Four years ago I wrote about the largest anti-Serb mass violence in Kosovo since the 1999 war. Today, an independent Kosovo stands as a testament to the rewards of violence–this reward is particularly galling as it occurred under an umbrella of western protection that was supposed to prevent the Albanians from abusing their newfound power as the majority. Indeed, the Albanians have been rewarded well; neither treaties nor concerns for the West’s reputation as an honest broker have done anything to slow them down.
Kosovo will prove to be a stillborn state, dependent on western protection, perpetually poor, crime-ridden, and a subordinate arm of Albania proper. Our unlawful recognition of Kosovo has created unnecessary friction with Russia and China and, like all our efforts to appease the Islamic world, has resulted in little or none of the promised good will. After all, 9/11 happened after US intervention on behalf of Muslims in Bosnia and in Kosovo. But we keep on trying! To admit a major civilizational difference and the utter irreconcilability of our interests and values would mean the unraveling of liberalism itself, which depends upon a cult of the Sacred Other.
During the 2004 attacks, National Review reported the following (quoted in my blog entry linked above):
A pogrom started in Europe this week, with one U.N. official being quoted as saying, “Kristallnacht is under way in Kosovo.” Serbs are being murdered and their 800-year-old churches are aflame. Much of the Christian heritage in Kosovo and Metohija is on fire and could be lost forever. By these deeds too many of Kosovo’s Albanians have shown that their rhetoric about “democracy” and “multiethnicity” is false, and demonstrates also that the international community’s acceptance of them has been naive.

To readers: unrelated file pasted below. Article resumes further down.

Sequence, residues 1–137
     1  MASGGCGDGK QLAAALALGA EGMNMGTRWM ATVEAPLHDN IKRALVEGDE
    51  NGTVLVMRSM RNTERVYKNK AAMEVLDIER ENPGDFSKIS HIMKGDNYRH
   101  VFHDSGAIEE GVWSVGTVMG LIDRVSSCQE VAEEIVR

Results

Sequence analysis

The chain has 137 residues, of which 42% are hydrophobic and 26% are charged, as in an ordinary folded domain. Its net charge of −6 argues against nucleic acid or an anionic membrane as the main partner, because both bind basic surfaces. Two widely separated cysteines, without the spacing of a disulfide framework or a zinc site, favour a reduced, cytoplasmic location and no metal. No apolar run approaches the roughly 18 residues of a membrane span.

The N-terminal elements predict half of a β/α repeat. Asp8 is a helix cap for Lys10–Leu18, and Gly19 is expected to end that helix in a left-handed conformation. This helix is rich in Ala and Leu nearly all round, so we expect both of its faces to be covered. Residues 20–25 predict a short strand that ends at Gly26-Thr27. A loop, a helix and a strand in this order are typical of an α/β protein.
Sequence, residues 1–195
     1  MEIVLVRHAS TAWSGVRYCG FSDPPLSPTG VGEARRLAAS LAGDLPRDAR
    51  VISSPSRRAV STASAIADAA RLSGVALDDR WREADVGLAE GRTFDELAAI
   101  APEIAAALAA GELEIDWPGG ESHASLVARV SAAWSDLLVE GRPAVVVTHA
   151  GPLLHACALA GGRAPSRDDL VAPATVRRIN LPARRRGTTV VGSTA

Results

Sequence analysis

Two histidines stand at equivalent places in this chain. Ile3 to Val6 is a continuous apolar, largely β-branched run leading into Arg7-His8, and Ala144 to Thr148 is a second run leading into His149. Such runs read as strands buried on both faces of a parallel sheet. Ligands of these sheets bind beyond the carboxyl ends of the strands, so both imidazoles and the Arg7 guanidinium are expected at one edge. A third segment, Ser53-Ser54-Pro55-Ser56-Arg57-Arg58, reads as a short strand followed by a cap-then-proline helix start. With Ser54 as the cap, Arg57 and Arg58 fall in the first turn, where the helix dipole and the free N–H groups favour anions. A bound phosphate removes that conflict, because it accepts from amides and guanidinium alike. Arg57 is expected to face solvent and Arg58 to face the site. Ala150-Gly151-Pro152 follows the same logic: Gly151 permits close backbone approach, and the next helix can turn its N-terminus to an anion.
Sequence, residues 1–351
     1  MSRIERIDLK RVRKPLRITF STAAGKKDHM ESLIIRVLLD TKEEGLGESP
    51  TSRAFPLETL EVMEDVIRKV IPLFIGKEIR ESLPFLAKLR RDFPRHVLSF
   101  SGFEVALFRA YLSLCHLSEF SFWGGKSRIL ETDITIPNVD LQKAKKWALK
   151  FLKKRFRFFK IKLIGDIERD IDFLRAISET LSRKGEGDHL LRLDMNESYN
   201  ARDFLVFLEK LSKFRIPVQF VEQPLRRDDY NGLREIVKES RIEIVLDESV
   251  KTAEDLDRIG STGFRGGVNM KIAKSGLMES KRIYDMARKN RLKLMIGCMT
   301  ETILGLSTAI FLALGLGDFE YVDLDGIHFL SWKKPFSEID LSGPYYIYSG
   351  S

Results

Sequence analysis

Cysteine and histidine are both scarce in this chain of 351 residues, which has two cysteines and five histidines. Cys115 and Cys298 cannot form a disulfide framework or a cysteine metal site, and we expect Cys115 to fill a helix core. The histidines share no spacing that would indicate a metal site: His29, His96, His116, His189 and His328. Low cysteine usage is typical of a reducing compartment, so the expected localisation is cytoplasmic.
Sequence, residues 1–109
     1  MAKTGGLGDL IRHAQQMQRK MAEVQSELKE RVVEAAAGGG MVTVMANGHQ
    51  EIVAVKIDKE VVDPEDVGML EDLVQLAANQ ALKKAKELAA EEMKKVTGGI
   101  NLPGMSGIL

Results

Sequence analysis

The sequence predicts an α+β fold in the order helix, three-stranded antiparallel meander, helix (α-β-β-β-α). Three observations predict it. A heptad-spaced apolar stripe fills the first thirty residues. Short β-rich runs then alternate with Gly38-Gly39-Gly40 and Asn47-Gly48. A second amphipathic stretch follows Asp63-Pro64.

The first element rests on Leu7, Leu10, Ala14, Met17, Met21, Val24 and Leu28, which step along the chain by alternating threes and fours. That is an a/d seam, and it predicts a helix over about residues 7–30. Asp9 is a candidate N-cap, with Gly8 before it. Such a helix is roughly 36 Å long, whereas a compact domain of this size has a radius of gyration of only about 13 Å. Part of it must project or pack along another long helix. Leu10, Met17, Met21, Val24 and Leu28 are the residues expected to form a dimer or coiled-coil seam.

How did this week’s events begin? Just as in the 1930s, a rumor became a fact and prearranged plans were put into action. Members of the victimized community (in this case, Serbian children) were accused of chasing four Albanian children into a river and causing the death of three of them. Hours later, the U.N. Mission–which is what passes for authority in Kosovo–issued a statement that the accusation against the Serbs was false, adding that the surviving Albanian child had told the U.N. that no Serbs had been involved in the drownings. Nevertheless, anti-Serb violence did not abate. And today Kosovo burns still.